On the Payroll Tax
While the Senate breaks for the Christmas holiday, the House of Representatives is taking a stand on the payroll tax, rejecting the bill days from the year-end deadline. If the bill doesn’t pass Congress by December 31, taxes will rise to 6.2% from 4.2% in the new year.
Regarding the current impasse, economics and business professor Amy Schmidt says:
"The national economy is still fragile. Letting the rate return to its pre-cut level is effectively a tax increase. Studies find that most people are spending the payroll tax cut—as opposed to tax cuts received by high-income individuals who tend to save more of a tax cut. But according to the CBO the tax cut amounts to about $20 billion over the next year if it is extended over the next two months. If it was extended for the next year, multiply that by 6 (my ballpark, not the CBOs) and you have $120 billion. The federal budget is over $3 trillion and Gross Domestic Product is about $15 trillion. It is unlikely that not passing the extension will throw us into a recession, but it is counterproductive. Similarly unemployment benefits are spent. To the extent that the reason unemployed individuals are out of work is because they are unable to find a job and not because they aren’t willing to accept a job, a reduction in those benefits will also have a negative effect on the economy."
On Occupy Wall Street
Regarding the movement, Schmidt says:
"Income inequality is at a historic high. I believe there is reason for concern. Democrats and Republicans seem to be talking past each other. I do not know how well organized or effective the Occupy movement will be in the long run, but they have brought the topic into mainstream discussion and it is likely to be part of the Presidential campaign.
Republicans, in general, are most concerned about growth of GDP. The income distribution does not seem to be a big concern to them. They oppose taxing those at the high end of the distribution because they are the “job creators”—which I think is too broad a brush to paint them with. My personal view is that there is a tradeoff between efficient taxation (which reduces growth the least) and equity. The United States has generally chosen to err on the side of efficiency compared to all other industrialized nations.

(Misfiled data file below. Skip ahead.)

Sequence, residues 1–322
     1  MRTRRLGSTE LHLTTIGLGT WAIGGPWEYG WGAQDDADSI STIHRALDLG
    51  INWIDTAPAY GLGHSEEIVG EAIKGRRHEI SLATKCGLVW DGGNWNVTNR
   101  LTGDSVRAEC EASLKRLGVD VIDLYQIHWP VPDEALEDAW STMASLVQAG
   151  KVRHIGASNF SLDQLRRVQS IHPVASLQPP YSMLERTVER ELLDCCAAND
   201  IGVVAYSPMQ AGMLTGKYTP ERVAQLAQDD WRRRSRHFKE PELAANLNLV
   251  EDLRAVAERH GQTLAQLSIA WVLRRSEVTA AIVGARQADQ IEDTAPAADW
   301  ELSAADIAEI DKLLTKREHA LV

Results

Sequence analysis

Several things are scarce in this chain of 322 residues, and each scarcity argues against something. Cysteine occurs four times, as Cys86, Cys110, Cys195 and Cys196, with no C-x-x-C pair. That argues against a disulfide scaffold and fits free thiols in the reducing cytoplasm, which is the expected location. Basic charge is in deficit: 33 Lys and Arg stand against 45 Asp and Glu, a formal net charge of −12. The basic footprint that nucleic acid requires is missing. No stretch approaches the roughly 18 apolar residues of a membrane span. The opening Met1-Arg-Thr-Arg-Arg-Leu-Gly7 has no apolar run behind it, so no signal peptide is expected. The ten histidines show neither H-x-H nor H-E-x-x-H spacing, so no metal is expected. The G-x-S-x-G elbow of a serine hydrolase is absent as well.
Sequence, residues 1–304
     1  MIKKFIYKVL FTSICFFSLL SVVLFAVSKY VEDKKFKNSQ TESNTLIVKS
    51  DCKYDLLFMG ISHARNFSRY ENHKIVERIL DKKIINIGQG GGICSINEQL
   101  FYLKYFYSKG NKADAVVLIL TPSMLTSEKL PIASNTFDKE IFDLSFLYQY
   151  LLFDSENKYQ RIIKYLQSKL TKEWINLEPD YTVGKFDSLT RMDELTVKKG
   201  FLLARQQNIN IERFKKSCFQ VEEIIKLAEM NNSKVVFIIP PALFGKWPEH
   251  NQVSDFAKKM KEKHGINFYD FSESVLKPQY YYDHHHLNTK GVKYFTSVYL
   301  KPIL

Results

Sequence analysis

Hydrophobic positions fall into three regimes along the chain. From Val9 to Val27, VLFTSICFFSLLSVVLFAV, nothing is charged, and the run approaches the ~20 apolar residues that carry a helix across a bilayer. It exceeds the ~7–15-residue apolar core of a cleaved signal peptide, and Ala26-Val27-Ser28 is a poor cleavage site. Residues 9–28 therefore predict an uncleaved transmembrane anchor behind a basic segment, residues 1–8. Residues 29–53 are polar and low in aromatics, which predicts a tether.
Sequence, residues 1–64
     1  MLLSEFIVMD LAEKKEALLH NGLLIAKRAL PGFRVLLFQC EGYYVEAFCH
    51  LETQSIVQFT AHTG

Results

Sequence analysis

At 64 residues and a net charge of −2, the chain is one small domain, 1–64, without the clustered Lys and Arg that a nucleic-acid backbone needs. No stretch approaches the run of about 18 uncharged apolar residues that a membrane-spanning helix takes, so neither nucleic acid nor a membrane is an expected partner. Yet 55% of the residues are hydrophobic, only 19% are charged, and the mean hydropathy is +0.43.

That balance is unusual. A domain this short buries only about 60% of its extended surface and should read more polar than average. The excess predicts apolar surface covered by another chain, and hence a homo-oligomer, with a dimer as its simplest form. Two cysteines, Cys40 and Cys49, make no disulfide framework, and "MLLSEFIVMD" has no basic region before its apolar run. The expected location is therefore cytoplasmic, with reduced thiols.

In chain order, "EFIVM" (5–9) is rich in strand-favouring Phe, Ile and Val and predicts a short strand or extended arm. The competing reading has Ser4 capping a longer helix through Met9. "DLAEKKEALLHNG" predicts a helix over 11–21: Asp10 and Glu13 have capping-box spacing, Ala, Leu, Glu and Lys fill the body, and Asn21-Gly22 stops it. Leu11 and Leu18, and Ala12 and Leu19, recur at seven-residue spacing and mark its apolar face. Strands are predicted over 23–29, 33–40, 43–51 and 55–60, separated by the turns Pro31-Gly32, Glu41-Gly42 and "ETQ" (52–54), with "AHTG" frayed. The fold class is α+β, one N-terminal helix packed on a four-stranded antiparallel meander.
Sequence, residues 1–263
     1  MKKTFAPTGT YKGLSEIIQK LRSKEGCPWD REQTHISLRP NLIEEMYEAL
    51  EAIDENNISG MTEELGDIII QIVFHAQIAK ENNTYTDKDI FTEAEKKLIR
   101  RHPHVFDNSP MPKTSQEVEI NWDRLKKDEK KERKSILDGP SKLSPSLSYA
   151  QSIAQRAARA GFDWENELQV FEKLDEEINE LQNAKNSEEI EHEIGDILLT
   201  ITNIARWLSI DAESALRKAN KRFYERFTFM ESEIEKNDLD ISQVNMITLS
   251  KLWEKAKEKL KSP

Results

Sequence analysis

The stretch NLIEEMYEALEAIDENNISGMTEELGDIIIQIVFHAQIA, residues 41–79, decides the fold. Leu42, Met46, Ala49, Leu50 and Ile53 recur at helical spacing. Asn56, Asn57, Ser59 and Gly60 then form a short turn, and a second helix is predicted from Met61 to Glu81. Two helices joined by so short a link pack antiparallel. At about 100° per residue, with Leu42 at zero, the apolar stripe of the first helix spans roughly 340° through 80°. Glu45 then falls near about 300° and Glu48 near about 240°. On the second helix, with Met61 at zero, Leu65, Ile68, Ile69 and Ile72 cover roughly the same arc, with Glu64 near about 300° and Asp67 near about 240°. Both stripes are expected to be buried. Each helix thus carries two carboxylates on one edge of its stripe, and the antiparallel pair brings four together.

Democrats are also concerned about growth, but are also concerned about the income distribution. They have favored raising taxes on those making over $250,000 (the top 2%) and spending more on stimulus measures that are aimed especially at unemployed construction workers. The Republicans are opposed to stimulus."
Professor Schmidt's research interests include education and labor markets. She teaches Principles of Micro and Macroeconomics, Intermediate Macroeconomics, Econometrics, Statistics, Labor Economics and Environmental Economics. She has been interviewed by The Union Leader, New Hampshire Public Radio, and WMUR.
To speak to Professor Schmidt, please call Barbara LeBlanc at (603) 641-7241 (office) or (603) 486-8760 (cell).
This post was submitted by Laura Lemire.